For an exciting date, plan on arriving at the Perry Glass Studio around noon Tuesdays through Sundays, when the staff offers free glassmaking demonstrations, which may even inspire you and your special someone to sign up for a class.
“The Chrysler’s Glass Studio team is a fun and eclectic group. Their infectious personalities, performances, and skill for making anything out of glass always draw a crowd and leave visitors wanting more,” Meredith said.
The narrated demonstrations provide an exciting introduction into the world of glass art. The Glass Studio also offers classes for everyone — from beginners to professionals — and couples can take a class together.
“A demonstration could spur you to sign up for a workshop or class where you and your date could create something,” Meredith said. “Couples can spend an hour or two with us or devote the entire weekend to making something wonderful together.”
If you don’t have time to see a glassblowing demonstration during the day, you can swing by the museum early in the week to pick up a pair of tickets to the museum’s popular Third Thursday evening events. This after-hours date night combines glassmaking performances, live music, and a cash bar — and with $5 tickets, the events usually sell out quickly.
Among the museum’s interesting upcoming exhibits is a photography display by Brazilian artist and photographer Vik Muniz, designed to get couples talking.
“Muniz works with a dizzying array of unconventional materials — including sugar, tomato sauce, diamonds, magazine clippings, chocolate syrup, dust, and junk — to painstakingly design narrative subjects before recording them with his camera,” Meredith said. “His resulting photographs are often iconic images from popular culture and the history of art. They defy easy classification and playfully engage a viewer’s process of perception.”
If you or your date need a primer on discussing art, the museum offers a free gallery talk with curators at 2 p.m. from Tuesday through Sunday, during which they explore American and European artwork.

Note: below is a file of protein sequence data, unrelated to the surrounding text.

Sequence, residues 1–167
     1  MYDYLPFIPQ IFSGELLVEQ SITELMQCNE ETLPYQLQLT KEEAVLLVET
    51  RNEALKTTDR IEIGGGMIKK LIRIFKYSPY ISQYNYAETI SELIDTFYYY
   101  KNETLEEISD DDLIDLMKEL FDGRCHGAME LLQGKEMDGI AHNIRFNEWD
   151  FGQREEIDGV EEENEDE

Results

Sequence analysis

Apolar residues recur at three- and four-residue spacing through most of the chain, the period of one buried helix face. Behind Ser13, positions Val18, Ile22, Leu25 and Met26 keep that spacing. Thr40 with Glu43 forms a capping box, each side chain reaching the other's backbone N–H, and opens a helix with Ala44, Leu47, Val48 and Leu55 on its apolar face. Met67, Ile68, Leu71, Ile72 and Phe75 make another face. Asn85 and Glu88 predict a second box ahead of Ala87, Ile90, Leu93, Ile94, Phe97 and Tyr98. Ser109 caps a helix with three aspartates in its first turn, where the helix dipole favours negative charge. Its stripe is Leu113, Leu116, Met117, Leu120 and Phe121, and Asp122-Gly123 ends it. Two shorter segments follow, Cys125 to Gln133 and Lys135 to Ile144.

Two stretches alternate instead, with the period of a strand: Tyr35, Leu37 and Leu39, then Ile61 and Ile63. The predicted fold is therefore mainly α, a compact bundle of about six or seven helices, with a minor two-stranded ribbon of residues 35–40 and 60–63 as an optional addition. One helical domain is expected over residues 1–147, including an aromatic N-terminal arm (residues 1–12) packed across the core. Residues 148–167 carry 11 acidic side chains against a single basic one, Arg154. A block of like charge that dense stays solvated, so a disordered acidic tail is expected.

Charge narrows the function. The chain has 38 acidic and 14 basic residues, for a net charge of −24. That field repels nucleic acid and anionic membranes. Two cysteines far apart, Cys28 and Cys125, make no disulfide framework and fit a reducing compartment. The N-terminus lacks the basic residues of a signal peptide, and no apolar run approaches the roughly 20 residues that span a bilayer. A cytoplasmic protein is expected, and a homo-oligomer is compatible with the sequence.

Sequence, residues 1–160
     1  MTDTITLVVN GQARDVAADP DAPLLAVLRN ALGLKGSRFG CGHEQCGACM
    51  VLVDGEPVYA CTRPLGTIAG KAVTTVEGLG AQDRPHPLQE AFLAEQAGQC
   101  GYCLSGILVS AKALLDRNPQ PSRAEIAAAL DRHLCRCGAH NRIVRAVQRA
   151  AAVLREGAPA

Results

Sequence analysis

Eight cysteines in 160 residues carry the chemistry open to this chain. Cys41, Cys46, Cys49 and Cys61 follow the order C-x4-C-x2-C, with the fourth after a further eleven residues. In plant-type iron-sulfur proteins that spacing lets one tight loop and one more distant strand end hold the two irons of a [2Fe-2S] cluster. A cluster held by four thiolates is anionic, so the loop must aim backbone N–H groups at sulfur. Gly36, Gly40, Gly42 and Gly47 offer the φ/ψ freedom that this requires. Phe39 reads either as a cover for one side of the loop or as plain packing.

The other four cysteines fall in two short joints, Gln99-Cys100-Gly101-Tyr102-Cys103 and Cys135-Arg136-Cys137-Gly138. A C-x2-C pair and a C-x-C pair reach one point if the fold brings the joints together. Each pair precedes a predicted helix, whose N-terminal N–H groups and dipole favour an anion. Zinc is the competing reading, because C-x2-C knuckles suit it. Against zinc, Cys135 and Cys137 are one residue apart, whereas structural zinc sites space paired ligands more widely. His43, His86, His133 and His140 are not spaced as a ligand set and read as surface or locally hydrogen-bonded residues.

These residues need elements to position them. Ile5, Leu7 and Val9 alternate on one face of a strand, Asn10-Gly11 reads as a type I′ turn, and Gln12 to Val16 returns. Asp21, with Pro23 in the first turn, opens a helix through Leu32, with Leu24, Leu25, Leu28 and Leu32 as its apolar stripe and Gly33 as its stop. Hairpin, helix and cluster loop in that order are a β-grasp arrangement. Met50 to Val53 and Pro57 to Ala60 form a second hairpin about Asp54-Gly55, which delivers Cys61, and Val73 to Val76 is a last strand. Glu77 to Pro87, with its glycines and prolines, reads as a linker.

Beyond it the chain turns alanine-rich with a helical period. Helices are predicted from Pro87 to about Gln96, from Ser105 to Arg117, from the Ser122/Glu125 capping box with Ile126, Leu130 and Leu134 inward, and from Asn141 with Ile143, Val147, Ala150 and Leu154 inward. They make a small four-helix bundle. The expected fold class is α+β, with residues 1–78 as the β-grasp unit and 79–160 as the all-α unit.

“Multiple Modernisms is a visitor favorite and features modern and contemporary art from our collection. The Chrysler’s changing exhibitions invite couples to visit the Museum time and again,” Meredith said.
The museum also manages two historic homes nearby on Freemason Street that can pique any history buff’s interest. Stop by the Willoughby-Baylor House, which was the long-time home of the Norfolk History Museum, and the Moses Myers House, the oldest Jewish home in America, for a glimpse of 18th- and 19th-century architecture, elegant gardens, and more art displays.
Before visitors leave the museum, they are encouraged to stop by the response station, which is stocked with paper and colored pencils. It’s a place to not only leave feedback about your museum experience but also to write your special someone a note about how you feel, Meredith said.
“Many use that space to profess their love for one another, and the response station is filled with hearts and affectionate messages,” she said. “We recently had a visitor remark that the best first date she has ever been on began at our museum. She described how romantic it felt to be in the museum during an after-hours event. It not only brought her and her date closer together, but it ignited her passion for art and history.”
Thanks to the free admission, dates can continue at the museum’s Wisteria Café or even with a stop into the gift shop to pick up a souvenir to remember each other.
“Our staff loves to hear feedback because it shows that our museum is facilitating dialogue and encouraging people to explore new subjects,” Meredith said.